Posted On: November 19, 2019
Being able to throw a powerful punch begins with Newton’s third law of motion which states,
“For every action, there is an equal and opposite reaction.”
In applying this scientific law to boxing, the force of a punch originates from creating a stable base of support in you lower extremities and driving your legs into the ground, resulting in an equal and opposite force being transmitted back into the body.
It is this particular force that must be continually built upon through a specific sequencing and timing of rotational movements, that leads to the highest potential torque at the time the punch is being delivered.
The sequence of events looks like this, in its most simple form: legs > core >shoulder > hand, with each preceding segment reaching a higher velocity than the previous body part.
Any alteration in this sequence or weakness in the kinetic chain will lead to an inefficient punch and loss of power. The same concept of the kinematic sequence can be applied to any athletic movement that involves rotation such as the golf swing, pitching in baseball, and serving in tennis.
Part of the reason a professional athlete is able to make their sport look effortless is because they have mastered the kinematic sequence and there timing makes every movement completely efficient.
It is possible that an individual may have a physical impairments or restriction that could interfere with the ability to perform the kinematic sequence successfully. For example, if an individual lacks to the ability to dissociate the shoulders from the hips (in other words, the shoulders are able to rotate while the hips remain stable or vice versa) then the coil type effect will be lost and the entire trunk will turn as one large unit leading to a loss of torque.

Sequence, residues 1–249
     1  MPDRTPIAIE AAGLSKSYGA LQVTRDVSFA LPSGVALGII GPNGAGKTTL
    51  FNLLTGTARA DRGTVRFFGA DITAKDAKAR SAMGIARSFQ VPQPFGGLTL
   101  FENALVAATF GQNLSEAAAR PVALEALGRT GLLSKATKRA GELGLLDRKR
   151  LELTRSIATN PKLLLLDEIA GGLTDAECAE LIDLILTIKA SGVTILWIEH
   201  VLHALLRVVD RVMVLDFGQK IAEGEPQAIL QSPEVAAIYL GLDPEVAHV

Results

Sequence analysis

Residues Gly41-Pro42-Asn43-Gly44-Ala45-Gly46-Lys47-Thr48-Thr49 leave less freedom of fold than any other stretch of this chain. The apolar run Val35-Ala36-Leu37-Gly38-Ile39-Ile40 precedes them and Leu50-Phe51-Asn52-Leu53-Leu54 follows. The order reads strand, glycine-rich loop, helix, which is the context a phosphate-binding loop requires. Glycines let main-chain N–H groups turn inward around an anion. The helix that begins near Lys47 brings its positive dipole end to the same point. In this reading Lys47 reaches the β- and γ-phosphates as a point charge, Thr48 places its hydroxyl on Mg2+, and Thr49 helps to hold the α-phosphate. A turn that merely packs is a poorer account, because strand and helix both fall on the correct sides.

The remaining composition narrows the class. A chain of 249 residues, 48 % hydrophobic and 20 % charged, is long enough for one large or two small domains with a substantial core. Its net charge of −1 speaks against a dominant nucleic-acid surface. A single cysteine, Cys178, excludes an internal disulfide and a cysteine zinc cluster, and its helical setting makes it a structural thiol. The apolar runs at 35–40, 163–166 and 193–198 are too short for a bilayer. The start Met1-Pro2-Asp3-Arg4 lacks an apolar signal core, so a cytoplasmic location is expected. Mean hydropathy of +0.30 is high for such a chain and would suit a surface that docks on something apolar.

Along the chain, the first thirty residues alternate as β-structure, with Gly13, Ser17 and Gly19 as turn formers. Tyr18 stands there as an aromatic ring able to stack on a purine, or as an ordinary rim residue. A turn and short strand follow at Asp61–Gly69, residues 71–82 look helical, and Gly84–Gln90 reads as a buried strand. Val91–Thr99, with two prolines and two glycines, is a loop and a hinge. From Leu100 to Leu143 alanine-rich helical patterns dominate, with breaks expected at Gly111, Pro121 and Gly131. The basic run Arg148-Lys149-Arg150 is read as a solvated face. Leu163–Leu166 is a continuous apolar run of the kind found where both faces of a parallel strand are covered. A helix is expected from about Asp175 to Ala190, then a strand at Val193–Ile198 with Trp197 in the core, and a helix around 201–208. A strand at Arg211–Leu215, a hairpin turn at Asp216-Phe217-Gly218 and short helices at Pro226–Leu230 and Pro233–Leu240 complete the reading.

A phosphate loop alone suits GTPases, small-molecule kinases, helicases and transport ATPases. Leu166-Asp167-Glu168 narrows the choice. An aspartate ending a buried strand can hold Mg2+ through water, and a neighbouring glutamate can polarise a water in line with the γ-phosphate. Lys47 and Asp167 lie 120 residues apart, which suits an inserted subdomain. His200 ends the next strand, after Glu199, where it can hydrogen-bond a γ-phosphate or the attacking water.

The inability to dissociate is only one example of many that may be limiting your ability to rotate efficiently.
If you are not seeing the results that you want or if you have pain when performing a rotational movement, come see a physical therapist for a thorough movement assessment to see if there is a physical restraint or a neuromuscular disconnect that is limiting your potential. A physical therapist will interpret the results of the assessment and develop an individualized plan of care including but not limited to the following treatments: soft tissue mobilization, joint mobilizations, dry needling, and a home exercise program that may include range of motion, flexibility, and strengthening exercises.
About Brien Lee, Doctor of Physical Therapy, An American in Paris
Brien was born and raised in Alpharetta, Georgia. Growing up, he required physical therapy for injuries he sustained playing sports, which inspired him to become a physical therapist. Brien remains very active, playing golf and tennis, running, and working out.